Voice recording and review is an essential practice for highly regulated industries. This is because regulations concerning recording, handling, and retention have been in place for some time. To address review requirements, many organizations have turned to voice-to-text transcription, which companies have deployed in waves in an effort to gain better insights into their audio and video information. While many use cases have been popular in regulated industries like financial services and healthcare, the relatively small gain in insights using transcription compared to the high resource and time cost to implement them hasn’t yielded the right result.
This is clearly the case with the first generation of transcription. Even in the age of evolved voice-to-text technologies that now use advanced processing and deep learning, the gains in speed and accuracy still haven’t met the last-mile-need for context, domain relevance, and actionability. These issues are exacerbated in regulated industries with requirements covering an ever-increasing volume of communications. For example, while financial institutions have historically had recording practices in place for limited operational purposes, global regulatory mandates to record telephone and some video conversations have proliferated dramatically since the 2008 crisis. At the same time, audit, review, and supervision of these communications is challenging because voice-to-text transcription and doing searches on those transcripts isn’t enough to quickly and accurately find risks and address them.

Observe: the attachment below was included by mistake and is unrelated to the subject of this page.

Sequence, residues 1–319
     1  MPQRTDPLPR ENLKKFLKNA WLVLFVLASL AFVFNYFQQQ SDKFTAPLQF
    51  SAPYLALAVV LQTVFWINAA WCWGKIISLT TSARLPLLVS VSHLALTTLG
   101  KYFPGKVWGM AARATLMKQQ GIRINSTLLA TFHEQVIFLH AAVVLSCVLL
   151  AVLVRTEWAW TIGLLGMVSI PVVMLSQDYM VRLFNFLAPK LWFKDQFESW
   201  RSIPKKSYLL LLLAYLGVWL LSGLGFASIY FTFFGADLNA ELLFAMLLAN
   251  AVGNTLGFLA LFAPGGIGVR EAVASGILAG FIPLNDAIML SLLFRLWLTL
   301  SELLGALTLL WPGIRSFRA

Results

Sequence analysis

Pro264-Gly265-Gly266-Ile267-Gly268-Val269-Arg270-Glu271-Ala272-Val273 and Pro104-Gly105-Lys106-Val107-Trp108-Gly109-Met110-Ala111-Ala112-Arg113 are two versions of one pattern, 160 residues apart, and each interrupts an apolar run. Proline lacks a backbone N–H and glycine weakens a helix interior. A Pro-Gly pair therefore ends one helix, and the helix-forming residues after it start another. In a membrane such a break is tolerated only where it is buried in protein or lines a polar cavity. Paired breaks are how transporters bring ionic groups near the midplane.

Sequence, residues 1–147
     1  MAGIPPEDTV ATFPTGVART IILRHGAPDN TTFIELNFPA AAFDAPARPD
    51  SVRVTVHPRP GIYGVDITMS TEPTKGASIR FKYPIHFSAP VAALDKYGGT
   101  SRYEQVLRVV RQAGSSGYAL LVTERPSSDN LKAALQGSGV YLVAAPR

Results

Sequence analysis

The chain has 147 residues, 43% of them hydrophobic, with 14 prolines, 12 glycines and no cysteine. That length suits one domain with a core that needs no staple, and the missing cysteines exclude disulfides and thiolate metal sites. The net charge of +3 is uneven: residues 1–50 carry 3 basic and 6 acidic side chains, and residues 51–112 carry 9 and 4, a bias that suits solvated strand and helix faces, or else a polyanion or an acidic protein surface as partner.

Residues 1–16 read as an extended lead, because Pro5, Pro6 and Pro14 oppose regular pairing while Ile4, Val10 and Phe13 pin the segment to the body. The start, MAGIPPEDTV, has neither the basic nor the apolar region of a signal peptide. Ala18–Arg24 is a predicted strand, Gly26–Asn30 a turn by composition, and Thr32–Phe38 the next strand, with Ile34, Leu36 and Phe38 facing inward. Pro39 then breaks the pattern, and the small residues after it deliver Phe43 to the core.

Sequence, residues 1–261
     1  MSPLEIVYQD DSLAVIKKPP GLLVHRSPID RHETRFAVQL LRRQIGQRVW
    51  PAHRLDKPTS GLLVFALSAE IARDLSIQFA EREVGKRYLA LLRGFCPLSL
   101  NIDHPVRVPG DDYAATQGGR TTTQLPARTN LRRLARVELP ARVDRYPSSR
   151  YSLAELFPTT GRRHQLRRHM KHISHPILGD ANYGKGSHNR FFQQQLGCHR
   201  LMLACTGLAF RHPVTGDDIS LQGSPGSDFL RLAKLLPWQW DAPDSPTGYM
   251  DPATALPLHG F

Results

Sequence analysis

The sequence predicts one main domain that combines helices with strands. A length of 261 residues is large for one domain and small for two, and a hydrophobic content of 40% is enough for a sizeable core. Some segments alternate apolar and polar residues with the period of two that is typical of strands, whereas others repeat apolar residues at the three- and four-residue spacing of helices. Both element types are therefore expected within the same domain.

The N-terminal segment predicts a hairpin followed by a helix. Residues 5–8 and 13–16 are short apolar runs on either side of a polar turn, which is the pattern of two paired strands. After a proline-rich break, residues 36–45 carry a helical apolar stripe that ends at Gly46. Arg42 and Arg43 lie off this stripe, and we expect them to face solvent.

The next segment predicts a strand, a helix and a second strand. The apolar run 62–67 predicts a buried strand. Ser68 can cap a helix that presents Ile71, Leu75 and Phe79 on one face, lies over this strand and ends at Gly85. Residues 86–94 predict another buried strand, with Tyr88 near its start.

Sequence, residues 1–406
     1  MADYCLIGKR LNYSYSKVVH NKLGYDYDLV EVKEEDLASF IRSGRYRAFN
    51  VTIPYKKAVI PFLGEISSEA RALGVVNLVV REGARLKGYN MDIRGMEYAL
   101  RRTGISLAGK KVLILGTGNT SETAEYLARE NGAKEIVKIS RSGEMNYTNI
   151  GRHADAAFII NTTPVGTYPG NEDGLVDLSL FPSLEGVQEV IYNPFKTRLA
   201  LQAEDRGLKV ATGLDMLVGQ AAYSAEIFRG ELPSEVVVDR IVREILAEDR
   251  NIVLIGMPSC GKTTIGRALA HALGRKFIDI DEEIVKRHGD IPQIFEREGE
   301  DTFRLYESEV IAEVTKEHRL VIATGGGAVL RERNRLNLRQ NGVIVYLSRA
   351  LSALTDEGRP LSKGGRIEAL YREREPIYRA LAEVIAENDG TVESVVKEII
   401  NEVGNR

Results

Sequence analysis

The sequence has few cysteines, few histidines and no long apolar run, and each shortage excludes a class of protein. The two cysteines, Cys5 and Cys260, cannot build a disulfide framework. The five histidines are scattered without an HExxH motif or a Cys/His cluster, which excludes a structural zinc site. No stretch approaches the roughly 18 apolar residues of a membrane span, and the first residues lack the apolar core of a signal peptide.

Corresponding compliance requirements have also expanded to include pre-review of audio or video-based advertising and marketing content. Using voice-to-text transcription solutions to pre-review advertising and marketing videos has similarly proven an extremely manual and inefficient effort.
Theta Lake, the pioneer in AI- and ML-based security and compliance, recommends six do’s and don’ts when using transcription when mapping out an audio recording program.
- Do you ensure that your transcription vendor’s layer is solid.
- Do use a layered approach including transcription.
- Do use integrated and automated workflows.
- Don’t rely on transcription alone.
- Don’t bolt on transcription to your legacy tools.
- Don’t ignore video and visual communication.
To read the full white paper on how to implement these strategies, click here.